He turned professional in December 2008 and signed a deal with Warren, along with fellow Olympians Frankie Gavin and Billy Joe Saunders.
But all did not go smoothly when he made his pro debut, labouring to a four-round points win against a defensive Georgian in Vepkhia Tchilaia which earned him a mixed reception in Birmingham.
"I made a shaky start for sure. I'm loud so I think people expected a lot from me," said DeGale.
"But I feel I have improved so much then and I can really feel the fans getting behind me.
"It's a massive change moving from the amateurs to the pros - it's almost like two different sports. In the amateurs it's almost like fencing as you are trying not to get hit, but the pro game is much more spiteful as you are looking to go in the ring and hurt people.
"It took me a while to adjust. I had to totally change the way I punched, the way I defended and how I approached fights. But I feel I'm getting there now and I think that is showing in my performances."
Turning professional robbed DeGale of the opportunity to defend his Olympic title when the Games come to London in 2012.
He admits to having regrets about not being involved, but insists he has made the right decision.
"Only this week I was thinking about how good it would be to be a part of London 2012," added DeGale.
"It's the biggest show on earth and it was a dream come true for me to be involved in Beijing. The thought of being stood on top of that podium, medal around my neck, flag around my shoulders and hearing the national anthem still makes me smile.
"But I think I had to strike while the iron was hot in terms of going pro. Winning the Olympic gold was the pinnacle of my amateur career and anything less than gold in 2012 would have been a failure.
"I'm still in touch with Khalid Yafai and Tom Stalker, who are in the Great Britain squad, and I think they can do well in 2012. They look to have a good bond and I wish them all the best."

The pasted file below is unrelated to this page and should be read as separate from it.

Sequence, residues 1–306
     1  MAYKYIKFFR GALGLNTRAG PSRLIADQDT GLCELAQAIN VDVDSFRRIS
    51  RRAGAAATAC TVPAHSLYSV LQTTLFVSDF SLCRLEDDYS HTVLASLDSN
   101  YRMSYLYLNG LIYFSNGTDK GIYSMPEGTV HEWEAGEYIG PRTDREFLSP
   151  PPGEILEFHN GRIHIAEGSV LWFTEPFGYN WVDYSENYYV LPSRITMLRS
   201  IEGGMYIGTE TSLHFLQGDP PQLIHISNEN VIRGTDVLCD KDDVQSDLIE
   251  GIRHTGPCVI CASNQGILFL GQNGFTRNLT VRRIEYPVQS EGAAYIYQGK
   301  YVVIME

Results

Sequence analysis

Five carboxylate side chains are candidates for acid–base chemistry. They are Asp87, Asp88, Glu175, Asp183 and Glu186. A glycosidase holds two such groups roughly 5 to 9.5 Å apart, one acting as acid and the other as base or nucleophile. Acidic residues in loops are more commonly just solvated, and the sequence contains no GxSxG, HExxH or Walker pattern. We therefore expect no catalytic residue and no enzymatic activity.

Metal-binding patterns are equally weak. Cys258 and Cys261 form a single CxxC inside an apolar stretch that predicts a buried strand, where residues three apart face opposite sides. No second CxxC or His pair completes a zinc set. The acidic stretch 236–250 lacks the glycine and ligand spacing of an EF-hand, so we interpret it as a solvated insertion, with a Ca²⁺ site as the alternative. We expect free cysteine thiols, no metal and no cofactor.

DeGale has no wish to follow in the footsteps of WBA light-welterweight champion Amir Khan and progress his career in the United States.
Khan announced he had split with British promoter Warren back in January and signed a deal with Oscar De La Hoya's Golden Boy Promotions. The Bolton star now spends most of his time in the States with trainer Freddie Roach.
"You can never say never, but I'm very comfortable being at home," said DeGale.
"I've signed with Frank Warren, who is one of the best if the not the best, promoter in the world. He has made the careers of so many fighters and I'm hoping he can do that for me.
"We get on really well. It's a good relationship and already he's had me on some great bills. The one at Upton Park in May was fantastic. I was chief support to Kevin Mitchell and to have 20,000 people chanting your name was special. The aim now is to be headlining these bills.
"I'm also close to my trainer Jim McDonnell. He works me hard in the gym, but outside of the ring we can chill out, have a cup of tea and a chat.
"So I'm pretty lucky and also very happy with how things are at the moment."